Date of Award

Spring 1-1-2011

Document Type

Thesis

Degree Name

Master of Science (MS)

Department

Aerospace Engineering Sciences

First Advisor

William J. Emery

Second Advisor

James Maslanik

Third Advisor

Cora Randall

Abstract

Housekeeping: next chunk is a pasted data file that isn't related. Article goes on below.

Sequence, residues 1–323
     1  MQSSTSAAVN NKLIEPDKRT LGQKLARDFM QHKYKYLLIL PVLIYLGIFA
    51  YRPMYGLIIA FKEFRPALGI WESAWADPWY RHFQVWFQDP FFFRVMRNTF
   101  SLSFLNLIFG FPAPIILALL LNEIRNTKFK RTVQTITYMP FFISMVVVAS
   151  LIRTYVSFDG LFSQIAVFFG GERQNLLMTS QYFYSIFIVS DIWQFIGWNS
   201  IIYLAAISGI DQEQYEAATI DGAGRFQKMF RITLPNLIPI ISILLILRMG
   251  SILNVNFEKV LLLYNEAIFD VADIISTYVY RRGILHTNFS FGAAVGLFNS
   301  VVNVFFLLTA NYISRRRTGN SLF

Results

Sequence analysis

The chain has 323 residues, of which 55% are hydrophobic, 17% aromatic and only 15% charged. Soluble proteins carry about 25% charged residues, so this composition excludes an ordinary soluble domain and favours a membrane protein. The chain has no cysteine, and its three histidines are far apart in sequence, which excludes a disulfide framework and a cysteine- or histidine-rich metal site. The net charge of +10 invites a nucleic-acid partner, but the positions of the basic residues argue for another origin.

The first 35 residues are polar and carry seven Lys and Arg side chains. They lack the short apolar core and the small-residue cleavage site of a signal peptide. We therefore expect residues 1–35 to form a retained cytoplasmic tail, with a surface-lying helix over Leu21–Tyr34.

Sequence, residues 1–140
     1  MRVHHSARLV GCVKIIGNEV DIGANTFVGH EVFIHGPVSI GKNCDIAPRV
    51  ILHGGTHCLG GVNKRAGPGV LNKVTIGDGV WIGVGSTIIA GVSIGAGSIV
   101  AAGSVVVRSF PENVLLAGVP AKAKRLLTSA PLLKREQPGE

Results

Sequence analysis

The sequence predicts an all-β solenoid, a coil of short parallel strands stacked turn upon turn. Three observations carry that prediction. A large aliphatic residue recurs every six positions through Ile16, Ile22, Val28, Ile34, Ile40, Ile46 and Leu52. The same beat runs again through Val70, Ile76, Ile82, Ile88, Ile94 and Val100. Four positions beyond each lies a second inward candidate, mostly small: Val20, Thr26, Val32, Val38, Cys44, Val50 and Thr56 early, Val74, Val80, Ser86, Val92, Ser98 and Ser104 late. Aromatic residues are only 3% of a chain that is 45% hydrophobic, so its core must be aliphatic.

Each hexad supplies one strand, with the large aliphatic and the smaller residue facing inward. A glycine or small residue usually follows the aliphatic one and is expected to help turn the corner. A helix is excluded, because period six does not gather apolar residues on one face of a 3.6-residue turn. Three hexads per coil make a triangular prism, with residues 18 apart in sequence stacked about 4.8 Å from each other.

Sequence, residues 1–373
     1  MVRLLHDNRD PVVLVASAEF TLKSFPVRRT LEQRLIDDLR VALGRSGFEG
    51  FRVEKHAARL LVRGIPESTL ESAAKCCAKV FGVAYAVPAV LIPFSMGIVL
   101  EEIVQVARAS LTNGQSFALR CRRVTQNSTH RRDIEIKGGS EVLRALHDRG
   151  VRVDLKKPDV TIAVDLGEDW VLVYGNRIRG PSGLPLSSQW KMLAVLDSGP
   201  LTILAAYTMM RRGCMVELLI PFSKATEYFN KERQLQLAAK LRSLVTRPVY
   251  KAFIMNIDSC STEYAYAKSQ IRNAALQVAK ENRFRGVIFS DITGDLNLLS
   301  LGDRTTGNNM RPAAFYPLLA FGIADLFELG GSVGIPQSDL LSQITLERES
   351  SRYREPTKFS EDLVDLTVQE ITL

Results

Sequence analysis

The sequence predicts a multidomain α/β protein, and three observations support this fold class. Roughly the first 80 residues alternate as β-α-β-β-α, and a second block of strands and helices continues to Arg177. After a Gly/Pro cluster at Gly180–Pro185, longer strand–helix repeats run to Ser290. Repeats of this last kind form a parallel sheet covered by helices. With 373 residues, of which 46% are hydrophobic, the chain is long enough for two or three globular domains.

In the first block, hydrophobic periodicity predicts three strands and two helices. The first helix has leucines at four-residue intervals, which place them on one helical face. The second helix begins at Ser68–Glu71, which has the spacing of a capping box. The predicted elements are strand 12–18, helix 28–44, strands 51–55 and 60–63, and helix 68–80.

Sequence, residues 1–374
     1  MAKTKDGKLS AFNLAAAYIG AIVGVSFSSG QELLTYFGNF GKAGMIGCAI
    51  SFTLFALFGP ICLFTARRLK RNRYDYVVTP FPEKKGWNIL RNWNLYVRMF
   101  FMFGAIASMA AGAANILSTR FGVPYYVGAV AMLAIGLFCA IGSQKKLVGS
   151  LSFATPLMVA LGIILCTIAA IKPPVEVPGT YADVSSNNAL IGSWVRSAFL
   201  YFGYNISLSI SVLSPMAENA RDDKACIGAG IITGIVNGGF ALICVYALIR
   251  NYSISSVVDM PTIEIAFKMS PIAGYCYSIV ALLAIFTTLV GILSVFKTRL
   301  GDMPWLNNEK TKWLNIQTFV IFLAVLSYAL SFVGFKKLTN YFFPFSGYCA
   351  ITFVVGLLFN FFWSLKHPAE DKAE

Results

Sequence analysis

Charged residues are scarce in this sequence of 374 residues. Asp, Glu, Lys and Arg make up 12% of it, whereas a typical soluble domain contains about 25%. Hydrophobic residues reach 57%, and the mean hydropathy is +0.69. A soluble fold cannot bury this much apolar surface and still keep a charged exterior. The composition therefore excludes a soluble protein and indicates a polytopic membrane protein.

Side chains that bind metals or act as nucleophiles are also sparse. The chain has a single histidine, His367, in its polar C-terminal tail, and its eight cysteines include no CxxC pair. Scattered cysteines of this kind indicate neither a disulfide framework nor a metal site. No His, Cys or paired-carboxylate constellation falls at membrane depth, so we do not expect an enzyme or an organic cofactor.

Supraglacial melt ponds are common features of ice sheets and valuable parameters in the mass budget of the cryosphere. In addition, melt ponds are a useful proxy for monitoring global climate change as they are influenced by both the temperature of the surrounding ice and the incident radiation, which itself is influenced by the atmosphere. This document will describe an investigation of supraglacial melt ponds in a small region of the southwestern coast of the Greenland Ice Sheet, which was surveyed using an unmanned aerial vehicle in July of 2008. The data gathered during this expedition will be mined for melt ponds using Iterative Self-Organizing Data Analysis Technique, Adaptive Boosting, and Maximum Likelihood methods, and this information will be used to estimate the size and volume of the melt ponds using the known attenuation properties of water and the Beer-Lambert-Bouguer Law. Comparisons of the lake location data from UAV and satellite observations indicates that the results of the Adaptive Boosting and Maximum Likelihood algorithms are accurate to within 300 meters, or approximately ten pixels in the satellite data. The results of the lake depth analysis were inconclusive due to disagreements in the outcome when the calculations were made with different observing wavelengths and because of a lack of ground truth data. The most likely error source is the presence of suspended sediment in the lake, floating ice crystals on the lake, either of which would affect the attenuation coefficient of the water, or settled sediment on the lake bottom, which would affect the lake bottom reflectivity. Finally, attempts to develop methods to detect drained supraglacial lakes led to the promising possibility that texture analysis or observation band ratio analysis could reveal drained lake locations without the advantage of change detection. However, texture analysis proved useful only in the UAV data, which has an extremely high spatial resolution, and no correlation between lake depth and observation band ratio was observed.

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